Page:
BRUSSELS -- The European Parliament's civil liberties committee voted on September 5 for visa liberalization for Georgia to the EU's Schengen zone.
It also voted in favor of similar move for Kosovo but against the proposal to let the European Parliament negotiate this visa-liberalization deal with other EU institutions, leaving the deal for Pristina in limbo.
The entire European Parliament plenary is now likely to endorse the committee vote on Georgia at a vote during a full plenary, possibly in October.
EU member states must also give green light for the necessary legislation to enter into place.
Germany refused to support the measures before the summer, citing a spike in crimes allegedly committed by Georgians in Germany but according to RFE/RL sources, EU ambassadors might approve this time when they meet in Brussels on September 14.
EU ministers will then give a final approval. According to council sources, this is likely to happen after the parliamentary elections in Georgia on October 8.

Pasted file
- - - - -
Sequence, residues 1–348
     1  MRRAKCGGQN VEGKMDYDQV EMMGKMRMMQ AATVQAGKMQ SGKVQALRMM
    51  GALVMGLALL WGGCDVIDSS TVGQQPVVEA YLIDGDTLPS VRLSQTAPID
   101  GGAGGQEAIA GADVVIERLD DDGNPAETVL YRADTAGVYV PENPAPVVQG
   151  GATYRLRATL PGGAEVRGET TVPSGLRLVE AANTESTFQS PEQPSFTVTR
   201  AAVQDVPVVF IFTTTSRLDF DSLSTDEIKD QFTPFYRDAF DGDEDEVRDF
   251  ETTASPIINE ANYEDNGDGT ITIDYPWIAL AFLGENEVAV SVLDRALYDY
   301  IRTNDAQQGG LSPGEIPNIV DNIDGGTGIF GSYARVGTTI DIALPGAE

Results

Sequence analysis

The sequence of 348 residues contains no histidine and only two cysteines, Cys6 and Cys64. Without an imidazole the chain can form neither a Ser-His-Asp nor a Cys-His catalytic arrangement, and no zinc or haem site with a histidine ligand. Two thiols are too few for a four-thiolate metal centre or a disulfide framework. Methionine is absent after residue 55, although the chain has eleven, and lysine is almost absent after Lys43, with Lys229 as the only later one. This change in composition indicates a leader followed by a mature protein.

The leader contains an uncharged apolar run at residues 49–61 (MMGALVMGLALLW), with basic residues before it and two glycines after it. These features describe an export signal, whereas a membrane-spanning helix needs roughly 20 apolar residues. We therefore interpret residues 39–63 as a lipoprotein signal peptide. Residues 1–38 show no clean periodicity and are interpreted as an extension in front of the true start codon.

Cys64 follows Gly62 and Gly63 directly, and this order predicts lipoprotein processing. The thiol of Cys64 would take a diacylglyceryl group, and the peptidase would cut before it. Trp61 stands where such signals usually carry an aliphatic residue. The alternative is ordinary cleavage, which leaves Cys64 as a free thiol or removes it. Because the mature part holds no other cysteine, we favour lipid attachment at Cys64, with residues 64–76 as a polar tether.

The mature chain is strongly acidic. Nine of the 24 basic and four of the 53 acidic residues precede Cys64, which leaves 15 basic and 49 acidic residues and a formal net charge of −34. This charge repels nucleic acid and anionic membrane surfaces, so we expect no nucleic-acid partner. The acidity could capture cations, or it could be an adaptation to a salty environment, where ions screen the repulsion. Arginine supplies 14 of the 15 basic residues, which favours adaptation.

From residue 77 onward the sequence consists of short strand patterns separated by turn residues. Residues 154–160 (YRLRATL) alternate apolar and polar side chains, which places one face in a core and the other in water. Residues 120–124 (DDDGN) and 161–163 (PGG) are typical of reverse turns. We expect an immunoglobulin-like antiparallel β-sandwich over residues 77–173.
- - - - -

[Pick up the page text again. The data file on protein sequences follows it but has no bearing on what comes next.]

For Kosovo, the path looks less clear. Members of the civil liberties committee voted in favor of the report proposing visa liberalization for Kosovo by one vote, 25-24, but against the proposal to let the author of the report, Slovenian MEP Tanja Fajon, start negotiating with the Council and the European Commission, also by one vote, 25-24.
The full plenary must now give Fajon a mandate to negotiate but Fajon told RFE/RL that she will only take it to the floor once Kosovo has fulfilled two outstanding issues: settling a border dispute with Montenegro and showing progress in fighting organized crime.
Kosovo also currently lacks support among several EU member states.
A vote in the same committee on visa liberalization for Ukraine is expected at the end of September.